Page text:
A loved son who started taking heroin as a teenager was tragically found dead on his sofa.
Richard Webster, 49, was “bright and showed so much promise” as a child, but began to take drugs from the age of 15, becoming hooked on heroin at 17 and serving time in prison.
He died at home in Boulevard off Hessle Road on June 7, 2019 and at the time was trying to get clean on a methadone programme.
A public inquest held at Hull Coroner’s Court heard that Mr Webster had a 33-year history of drug use and first started smoking cannabis at 15-years-old and borrowed money to fund his addiction.
His mum told the court that Mr Webster stole items from the family home at 16 to fund his addiction.
Inquests are continuing to take place without members of the public, including the media, present.
As the media usually attend inquests, Hull Live has been provided with recordings and transcripts of such hearings to continue reporting on them as usual.
Mr Webster’s mum tried to frighten him by reporting him to the police and he ended up going in to care.
The family relationship broke down for a number of years until 2011 when he visited his sister as she was unwell.
He was on methadone at that stage and was in a good place, but his addiction returned and in 2015 his mum had to have him removed from the house.
Watch: How to stay safe from drugs
Mr Webster’s mum said no matter what he had done, her love for him was “unconditional”.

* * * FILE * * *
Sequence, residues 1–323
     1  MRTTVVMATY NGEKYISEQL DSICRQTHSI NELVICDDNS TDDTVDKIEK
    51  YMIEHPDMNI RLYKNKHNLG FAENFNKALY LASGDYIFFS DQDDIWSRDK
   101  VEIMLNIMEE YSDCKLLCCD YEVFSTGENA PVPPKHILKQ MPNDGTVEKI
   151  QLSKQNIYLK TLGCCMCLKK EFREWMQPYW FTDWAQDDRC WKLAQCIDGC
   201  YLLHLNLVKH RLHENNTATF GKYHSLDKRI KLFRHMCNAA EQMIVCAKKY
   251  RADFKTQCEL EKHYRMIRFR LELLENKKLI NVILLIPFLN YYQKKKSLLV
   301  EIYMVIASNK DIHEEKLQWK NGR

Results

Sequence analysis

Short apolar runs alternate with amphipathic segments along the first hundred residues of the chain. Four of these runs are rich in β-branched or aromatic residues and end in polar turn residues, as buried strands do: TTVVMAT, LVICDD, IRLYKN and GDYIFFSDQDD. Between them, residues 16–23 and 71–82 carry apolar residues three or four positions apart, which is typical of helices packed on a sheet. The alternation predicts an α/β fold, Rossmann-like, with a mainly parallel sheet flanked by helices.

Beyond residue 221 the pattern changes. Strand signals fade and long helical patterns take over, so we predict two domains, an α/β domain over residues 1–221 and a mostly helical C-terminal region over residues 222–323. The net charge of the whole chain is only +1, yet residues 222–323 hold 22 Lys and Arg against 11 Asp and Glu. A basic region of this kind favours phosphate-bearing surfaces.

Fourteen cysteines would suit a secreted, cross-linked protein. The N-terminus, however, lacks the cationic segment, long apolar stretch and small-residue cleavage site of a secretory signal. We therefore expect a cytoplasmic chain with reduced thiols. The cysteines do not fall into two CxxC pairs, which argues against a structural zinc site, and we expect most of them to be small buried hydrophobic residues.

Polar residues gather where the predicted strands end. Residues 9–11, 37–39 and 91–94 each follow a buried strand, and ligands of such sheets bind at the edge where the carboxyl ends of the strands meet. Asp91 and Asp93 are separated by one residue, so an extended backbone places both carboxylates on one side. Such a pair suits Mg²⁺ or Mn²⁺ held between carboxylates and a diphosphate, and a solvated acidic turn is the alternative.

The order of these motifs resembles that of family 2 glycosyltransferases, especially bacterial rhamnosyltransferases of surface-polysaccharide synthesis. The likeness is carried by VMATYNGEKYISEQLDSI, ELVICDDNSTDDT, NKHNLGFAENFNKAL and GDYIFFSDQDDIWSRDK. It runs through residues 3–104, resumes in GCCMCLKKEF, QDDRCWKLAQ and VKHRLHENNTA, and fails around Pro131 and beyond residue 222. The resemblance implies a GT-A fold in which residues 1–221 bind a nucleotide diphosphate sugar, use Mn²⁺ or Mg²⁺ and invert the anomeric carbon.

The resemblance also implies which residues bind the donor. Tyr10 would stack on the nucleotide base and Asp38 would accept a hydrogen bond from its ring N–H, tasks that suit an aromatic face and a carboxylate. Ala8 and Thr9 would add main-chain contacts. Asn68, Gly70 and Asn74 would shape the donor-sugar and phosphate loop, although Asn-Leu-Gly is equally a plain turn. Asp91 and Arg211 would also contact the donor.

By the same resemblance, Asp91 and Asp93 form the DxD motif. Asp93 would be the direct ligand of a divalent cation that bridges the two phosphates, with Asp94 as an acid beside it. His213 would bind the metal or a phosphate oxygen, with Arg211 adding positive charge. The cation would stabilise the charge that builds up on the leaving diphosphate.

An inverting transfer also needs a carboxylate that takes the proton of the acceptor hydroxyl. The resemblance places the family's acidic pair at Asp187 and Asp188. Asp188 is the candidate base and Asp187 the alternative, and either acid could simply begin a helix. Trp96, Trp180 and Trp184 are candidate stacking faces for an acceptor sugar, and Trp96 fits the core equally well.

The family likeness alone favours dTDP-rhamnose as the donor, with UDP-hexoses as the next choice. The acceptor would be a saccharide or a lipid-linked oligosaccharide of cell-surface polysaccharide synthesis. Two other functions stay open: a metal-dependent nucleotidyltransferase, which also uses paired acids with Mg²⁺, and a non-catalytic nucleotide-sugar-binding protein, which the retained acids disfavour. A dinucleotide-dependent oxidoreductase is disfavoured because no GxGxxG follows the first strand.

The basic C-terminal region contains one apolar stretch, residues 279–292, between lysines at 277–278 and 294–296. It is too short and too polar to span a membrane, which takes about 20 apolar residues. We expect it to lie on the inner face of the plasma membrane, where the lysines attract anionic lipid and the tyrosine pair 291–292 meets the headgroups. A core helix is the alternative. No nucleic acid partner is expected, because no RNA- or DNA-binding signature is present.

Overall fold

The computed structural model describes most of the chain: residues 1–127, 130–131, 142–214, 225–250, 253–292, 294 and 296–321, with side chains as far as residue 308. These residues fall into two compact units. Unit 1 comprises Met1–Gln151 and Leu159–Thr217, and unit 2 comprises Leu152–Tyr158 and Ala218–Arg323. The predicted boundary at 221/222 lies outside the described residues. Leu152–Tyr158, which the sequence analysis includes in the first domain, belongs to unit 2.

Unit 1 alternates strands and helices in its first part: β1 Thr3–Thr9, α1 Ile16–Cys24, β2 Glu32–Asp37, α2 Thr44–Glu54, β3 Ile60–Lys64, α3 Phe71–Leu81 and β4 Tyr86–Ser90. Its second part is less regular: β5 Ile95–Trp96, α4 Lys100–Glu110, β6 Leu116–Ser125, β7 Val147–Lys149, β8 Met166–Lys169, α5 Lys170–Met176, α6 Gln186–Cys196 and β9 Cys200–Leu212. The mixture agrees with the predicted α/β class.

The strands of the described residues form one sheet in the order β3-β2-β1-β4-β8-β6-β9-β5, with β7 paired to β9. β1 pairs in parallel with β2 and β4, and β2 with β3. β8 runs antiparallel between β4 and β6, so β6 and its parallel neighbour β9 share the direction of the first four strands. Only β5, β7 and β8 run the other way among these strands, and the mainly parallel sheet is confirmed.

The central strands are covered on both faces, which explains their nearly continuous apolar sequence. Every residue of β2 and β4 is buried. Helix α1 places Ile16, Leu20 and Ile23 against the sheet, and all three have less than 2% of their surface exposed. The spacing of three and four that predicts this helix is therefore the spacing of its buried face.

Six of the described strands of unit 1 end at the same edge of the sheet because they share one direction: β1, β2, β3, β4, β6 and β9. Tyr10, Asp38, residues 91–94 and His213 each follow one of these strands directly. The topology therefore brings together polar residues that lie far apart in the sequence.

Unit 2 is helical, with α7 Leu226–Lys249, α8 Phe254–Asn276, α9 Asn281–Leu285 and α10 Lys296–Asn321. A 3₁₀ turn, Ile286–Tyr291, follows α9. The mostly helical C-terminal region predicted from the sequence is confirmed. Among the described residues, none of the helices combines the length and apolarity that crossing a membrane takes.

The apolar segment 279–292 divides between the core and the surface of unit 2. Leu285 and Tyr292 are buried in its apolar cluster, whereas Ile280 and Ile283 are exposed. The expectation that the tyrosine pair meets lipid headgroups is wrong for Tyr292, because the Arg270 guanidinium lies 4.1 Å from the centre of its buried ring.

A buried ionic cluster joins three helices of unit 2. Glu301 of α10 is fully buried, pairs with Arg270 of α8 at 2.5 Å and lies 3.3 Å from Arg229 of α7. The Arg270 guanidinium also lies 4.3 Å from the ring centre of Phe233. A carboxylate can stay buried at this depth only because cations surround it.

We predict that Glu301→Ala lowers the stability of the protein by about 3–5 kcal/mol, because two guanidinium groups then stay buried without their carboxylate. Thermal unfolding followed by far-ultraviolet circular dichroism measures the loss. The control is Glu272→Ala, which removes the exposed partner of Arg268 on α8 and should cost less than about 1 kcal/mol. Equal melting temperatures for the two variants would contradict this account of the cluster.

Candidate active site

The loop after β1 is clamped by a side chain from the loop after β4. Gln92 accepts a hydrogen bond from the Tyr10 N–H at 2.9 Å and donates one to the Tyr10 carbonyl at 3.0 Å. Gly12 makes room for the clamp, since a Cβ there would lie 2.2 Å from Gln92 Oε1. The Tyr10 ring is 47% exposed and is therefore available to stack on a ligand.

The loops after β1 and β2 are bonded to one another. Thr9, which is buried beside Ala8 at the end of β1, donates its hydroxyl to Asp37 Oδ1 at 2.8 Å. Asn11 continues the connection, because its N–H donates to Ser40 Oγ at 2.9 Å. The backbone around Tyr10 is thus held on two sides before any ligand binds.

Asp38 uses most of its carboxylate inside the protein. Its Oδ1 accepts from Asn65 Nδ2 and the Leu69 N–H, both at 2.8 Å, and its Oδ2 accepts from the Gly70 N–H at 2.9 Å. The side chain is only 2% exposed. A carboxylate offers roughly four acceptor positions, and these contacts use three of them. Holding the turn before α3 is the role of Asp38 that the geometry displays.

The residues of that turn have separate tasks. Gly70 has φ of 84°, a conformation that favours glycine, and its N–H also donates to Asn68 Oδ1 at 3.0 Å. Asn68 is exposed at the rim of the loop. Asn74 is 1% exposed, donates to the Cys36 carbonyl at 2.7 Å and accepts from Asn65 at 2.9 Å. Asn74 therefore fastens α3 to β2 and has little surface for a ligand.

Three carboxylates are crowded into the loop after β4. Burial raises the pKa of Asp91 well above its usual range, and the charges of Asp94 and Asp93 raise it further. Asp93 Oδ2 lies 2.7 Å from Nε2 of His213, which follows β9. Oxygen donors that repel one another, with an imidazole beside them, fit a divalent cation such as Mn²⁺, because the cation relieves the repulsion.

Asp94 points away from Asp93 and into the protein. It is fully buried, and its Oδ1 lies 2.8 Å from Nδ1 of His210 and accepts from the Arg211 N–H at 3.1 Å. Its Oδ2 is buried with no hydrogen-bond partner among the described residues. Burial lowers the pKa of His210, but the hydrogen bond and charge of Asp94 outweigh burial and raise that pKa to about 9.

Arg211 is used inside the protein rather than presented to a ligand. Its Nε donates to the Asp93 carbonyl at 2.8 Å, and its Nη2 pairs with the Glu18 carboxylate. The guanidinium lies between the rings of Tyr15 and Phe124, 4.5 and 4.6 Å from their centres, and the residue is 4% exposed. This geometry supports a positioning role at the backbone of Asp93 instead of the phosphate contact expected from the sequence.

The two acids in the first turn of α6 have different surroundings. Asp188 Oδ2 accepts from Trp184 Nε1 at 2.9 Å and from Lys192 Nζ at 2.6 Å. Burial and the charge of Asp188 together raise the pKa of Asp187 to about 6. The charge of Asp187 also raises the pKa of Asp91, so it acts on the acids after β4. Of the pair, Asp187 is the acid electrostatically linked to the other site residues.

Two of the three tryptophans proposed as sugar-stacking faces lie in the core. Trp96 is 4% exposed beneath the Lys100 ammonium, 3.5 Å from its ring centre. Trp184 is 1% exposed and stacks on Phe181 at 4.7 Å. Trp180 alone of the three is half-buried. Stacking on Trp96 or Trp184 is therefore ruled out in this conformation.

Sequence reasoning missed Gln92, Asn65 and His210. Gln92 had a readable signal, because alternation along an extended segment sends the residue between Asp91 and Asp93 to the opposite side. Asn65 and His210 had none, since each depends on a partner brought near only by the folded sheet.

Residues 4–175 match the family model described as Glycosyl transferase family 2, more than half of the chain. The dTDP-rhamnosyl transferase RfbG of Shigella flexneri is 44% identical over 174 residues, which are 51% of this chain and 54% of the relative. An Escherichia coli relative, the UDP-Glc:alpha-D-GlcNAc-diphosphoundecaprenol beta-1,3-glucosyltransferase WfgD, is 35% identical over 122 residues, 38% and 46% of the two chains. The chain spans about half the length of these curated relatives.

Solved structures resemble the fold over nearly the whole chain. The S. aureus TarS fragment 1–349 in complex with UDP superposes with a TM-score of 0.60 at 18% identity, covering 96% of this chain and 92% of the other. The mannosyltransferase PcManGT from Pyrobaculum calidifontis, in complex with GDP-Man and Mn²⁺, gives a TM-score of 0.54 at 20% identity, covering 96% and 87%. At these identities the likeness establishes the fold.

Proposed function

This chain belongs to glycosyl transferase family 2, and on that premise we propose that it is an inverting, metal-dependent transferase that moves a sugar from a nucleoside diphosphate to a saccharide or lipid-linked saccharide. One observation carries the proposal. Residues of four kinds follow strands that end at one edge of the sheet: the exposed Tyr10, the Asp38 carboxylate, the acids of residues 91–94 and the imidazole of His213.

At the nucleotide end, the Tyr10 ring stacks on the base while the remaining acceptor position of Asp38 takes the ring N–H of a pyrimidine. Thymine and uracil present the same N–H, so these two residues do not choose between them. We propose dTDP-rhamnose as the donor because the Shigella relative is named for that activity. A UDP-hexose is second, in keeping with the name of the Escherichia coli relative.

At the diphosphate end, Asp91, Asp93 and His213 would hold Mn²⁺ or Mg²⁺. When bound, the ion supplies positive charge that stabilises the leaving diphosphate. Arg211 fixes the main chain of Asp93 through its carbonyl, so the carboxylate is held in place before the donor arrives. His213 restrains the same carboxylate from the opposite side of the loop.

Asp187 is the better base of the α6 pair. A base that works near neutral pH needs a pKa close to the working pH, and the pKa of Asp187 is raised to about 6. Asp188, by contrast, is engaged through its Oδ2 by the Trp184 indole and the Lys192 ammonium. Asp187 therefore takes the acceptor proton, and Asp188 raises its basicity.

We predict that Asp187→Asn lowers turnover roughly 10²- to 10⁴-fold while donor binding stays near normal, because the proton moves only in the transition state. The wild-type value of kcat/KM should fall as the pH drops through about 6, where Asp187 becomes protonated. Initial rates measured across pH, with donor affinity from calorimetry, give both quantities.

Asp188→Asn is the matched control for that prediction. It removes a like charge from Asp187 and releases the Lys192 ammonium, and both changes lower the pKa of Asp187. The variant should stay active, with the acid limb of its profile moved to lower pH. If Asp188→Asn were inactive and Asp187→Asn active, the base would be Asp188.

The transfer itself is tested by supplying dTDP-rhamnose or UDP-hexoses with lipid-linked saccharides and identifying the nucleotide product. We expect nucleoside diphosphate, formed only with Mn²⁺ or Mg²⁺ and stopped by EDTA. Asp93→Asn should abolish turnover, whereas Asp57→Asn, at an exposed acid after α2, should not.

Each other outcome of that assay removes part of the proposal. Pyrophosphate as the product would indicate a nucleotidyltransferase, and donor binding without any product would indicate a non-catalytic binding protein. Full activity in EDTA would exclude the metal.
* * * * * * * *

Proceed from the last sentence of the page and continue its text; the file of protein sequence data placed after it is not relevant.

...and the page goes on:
Evidence was given by Mr Webster’s GP that, in 2017, he had reported 33-year addiction but said that he had an eight year abstinence.
A report was submitted by the organisation Change, Grow, Live, which recorded that Mr Webster was a self referral.
He admitted to using £40 heroin daily that he injected, as well as cannabis. On February 9, 2017, he started appointments and was given methadone and made a “significant reduction” in heroin use.
At time of death, was being seen monthly and being prescribed an alternative and was reducing his intake with a view to becoming clean and had been abstinent for six months, with only one lapse.
There were no concerns over suicide, but Mr Webster had anxiety and low mood.
He engaged well and at time of death was reported to be drug free, but had a chest infection and Hepatitis C.
A housing officer reported he had not been seen for a number of days or picked up methadone, so reported it to the police, who sadly found him dead on his sofa.
There were open and empty cans of cider near his feet, with methadone also near to him.
Dr Justin Cooke carried out a postmortem and toxicology results showed a presence of multiple drugs including morphine, codeine, diazepam and methadone.
There was no single drug that caused Mr Webster’s death, but the combined effects of them together enhance their effects and it was found that Mr Webster had cirrhosis of the liver, which would have contributed to his death.
Assistant coroner Lorraine Harris gave a conclusion that his death was drug-related.
She said: “It seemed that Richard had a happy, normal childhood.
“When he was young he was bright and showed so much promise, but unfortunately he began to suffer in his mid teens from drug taking and addiction and that appeared to spiral.
“Unfortunately, Mr Webster became quite unwell with his addictions.
“That said, he did have times where he really did do very well with his abstinence”.